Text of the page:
Thursday, December 2, 2010
Fossil of the Week
This tiny fossiliferous slab (measuring only 8 x 5 centimeters, or 3 x 2 inches) contains over 60 individual fossils. Included in the piece are holotypes* of two new species of snails, Pleurotomaria floridensis and Murchisonia mohawkensis (indicated by the names and catalog numbers on the labels matching numbers written on the slab), each named by H. F. Cleland in 1900. Notice that the holotype specimens have been outlined on the slab in red ink rather than separated by cutting the slab, maintaining the integrity of the slab and a record of the species found together in the formation. The slab was found at Fort Hunter, New York. Fort Hunter is part of the town of Florida in Montgomery County, northwest of Albany. It lies in the Mohawk River Valley and in the 18th century, was the site of one of the two primary Mohawk Native American settlements. Knowing this, the two species names on these labels now make sense to us – they mean “from Florida” (New York – not the Florida off of Cuba) and “from Mohawk.” A third name (Gasconadia putilla Sardeson, 1896, now classified in Murchisonia) appears on the lower label, apparently indicating another species on the slab.
The weathered slab with its fossils was collected as part of a class in the Cornell Summer School of Geology taught by Professor Gilbert Harris (PRI's founder and first director). The material is from the Early Ordovician Period, about 475 million years old. Herdman Fitzgerald Cleland (1869-1935)** was a professor of geology at Williams College in Williamstown, Massachusetts, and spent summers collecting fossils with Harris. He had many interests, including geology and early human cultures, so the Fort Hunter locality must have been doubly interesting to him. Cleland published the descriptions in Harris’s Bulletins of American Paleontology volume 3, number 13, entitled “The Calciferous of the Mohawk Valley,” 32 years before the founding of PRI, which now publishes the Bulletins. The word “calciferous” in this title might look like an adjective, but is actually the name of a geological outcrop, so think “The Calciferous [Stage] of the Mohawk Valley” for clarity.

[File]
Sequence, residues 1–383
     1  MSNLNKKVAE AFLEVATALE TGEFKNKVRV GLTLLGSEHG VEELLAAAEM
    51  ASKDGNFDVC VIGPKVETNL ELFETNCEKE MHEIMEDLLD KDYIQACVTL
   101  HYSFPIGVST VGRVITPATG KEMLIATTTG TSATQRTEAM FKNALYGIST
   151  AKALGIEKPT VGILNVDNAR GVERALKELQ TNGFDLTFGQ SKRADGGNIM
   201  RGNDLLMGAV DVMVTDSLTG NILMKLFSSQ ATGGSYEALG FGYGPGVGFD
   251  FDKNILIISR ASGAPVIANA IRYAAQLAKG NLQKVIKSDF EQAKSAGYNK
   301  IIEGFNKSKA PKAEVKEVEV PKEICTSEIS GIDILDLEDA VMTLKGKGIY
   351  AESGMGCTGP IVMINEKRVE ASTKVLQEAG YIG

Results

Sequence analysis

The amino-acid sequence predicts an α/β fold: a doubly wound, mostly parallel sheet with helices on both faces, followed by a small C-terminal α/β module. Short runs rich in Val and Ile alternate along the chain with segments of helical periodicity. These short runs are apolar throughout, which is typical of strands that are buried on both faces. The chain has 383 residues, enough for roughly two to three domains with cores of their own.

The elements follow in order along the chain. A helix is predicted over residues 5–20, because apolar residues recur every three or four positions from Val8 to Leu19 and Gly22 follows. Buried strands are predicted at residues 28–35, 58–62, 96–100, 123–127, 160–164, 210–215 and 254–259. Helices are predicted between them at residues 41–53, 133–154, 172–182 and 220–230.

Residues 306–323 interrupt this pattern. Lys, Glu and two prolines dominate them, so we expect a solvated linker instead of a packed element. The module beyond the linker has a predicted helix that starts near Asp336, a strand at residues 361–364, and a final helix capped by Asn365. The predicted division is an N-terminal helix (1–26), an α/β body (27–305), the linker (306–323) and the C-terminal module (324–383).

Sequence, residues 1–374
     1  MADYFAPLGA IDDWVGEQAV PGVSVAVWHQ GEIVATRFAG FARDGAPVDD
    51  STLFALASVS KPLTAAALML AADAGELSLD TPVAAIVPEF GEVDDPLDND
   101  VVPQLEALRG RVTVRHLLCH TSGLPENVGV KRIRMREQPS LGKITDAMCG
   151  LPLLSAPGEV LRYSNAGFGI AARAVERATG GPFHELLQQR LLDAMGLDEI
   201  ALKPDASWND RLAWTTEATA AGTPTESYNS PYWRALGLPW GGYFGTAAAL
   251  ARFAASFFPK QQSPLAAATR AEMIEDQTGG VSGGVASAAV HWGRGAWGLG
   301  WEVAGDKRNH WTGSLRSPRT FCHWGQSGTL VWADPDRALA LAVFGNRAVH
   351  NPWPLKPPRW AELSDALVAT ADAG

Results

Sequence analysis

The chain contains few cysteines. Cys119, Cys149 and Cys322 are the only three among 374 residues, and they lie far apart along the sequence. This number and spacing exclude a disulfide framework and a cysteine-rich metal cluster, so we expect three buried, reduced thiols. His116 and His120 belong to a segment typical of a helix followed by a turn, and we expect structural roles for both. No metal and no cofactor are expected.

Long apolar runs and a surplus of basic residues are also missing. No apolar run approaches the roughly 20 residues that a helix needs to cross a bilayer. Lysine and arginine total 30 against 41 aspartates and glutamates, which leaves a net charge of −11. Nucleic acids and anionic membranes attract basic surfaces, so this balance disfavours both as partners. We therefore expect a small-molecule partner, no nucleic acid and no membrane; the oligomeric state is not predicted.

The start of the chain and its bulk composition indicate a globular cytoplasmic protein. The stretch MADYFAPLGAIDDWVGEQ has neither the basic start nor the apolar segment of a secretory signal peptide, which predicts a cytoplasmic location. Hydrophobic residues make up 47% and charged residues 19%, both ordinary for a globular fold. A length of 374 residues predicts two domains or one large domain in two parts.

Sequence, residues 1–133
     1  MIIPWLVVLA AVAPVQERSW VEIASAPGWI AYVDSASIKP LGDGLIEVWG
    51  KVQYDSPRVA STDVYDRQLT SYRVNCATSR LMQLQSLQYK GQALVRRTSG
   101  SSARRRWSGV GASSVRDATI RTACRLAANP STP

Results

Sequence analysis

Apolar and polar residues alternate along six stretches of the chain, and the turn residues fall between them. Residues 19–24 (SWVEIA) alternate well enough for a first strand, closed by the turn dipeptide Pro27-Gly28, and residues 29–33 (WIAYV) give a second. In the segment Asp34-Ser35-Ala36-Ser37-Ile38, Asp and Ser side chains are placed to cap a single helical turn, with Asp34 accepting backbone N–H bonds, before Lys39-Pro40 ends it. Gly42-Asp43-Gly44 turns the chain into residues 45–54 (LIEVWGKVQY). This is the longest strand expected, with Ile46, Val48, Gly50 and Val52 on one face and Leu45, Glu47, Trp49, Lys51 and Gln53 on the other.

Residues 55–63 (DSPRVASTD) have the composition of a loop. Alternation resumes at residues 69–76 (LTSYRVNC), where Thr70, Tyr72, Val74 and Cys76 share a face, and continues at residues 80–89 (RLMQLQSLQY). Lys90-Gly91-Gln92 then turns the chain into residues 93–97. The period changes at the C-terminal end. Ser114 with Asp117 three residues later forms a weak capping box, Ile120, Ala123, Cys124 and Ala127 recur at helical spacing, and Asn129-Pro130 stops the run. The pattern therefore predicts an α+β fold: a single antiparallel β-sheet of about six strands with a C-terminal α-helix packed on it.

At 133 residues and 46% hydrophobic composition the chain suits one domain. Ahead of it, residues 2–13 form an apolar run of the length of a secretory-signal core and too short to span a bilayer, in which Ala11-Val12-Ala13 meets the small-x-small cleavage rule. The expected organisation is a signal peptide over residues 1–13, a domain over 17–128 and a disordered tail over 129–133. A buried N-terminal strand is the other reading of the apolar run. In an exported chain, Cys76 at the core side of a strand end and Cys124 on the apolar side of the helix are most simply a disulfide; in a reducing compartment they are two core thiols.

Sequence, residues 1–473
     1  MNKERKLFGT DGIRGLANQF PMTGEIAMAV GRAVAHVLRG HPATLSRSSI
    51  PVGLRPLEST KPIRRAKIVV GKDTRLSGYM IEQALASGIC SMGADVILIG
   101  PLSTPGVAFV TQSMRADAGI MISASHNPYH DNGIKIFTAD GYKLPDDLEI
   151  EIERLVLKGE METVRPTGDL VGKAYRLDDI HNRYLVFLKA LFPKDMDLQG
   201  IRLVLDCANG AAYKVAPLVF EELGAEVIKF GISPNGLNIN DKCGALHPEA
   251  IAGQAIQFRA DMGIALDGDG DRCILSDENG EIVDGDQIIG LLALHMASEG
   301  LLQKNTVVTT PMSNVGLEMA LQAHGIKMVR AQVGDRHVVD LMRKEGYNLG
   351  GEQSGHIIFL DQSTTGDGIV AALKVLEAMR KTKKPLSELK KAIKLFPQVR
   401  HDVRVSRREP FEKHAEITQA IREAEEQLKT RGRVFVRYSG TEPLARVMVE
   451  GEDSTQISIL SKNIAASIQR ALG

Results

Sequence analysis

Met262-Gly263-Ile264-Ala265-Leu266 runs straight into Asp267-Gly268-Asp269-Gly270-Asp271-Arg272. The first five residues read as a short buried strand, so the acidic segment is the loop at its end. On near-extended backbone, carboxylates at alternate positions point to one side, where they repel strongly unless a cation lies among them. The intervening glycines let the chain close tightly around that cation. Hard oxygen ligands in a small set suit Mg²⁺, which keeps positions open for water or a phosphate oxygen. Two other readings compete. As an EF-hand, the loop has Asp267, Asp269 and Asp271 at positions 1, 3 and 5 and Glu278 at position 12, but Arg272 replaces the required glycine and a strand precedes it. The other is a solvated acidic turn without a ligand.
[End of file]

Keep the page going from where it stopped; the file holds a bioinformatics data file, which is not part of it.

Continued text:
Pleurotomaria floridensis is now classified in the genus Straparolina in the extinct family Straparollinidae. Murchisonia mohawkensis is a member of the extinct family Murchisoniidae. Members of both of these families are thought to have been suspension feeders, filtering organic particles from the water, probably through their gill filaments. This is in contrast to scraping the surface of rocks for food, which one might expect of snails today. Both species were rare at the time of their description.
*See Fossil of the Week 8/19/09 - Cerithium gainesensis for a definition of "holotype."
**See Fossil of the Week 11/11/09 - Bellerophon calcifer for more about H. F. Cleland.
Text by Paula Mikkelsen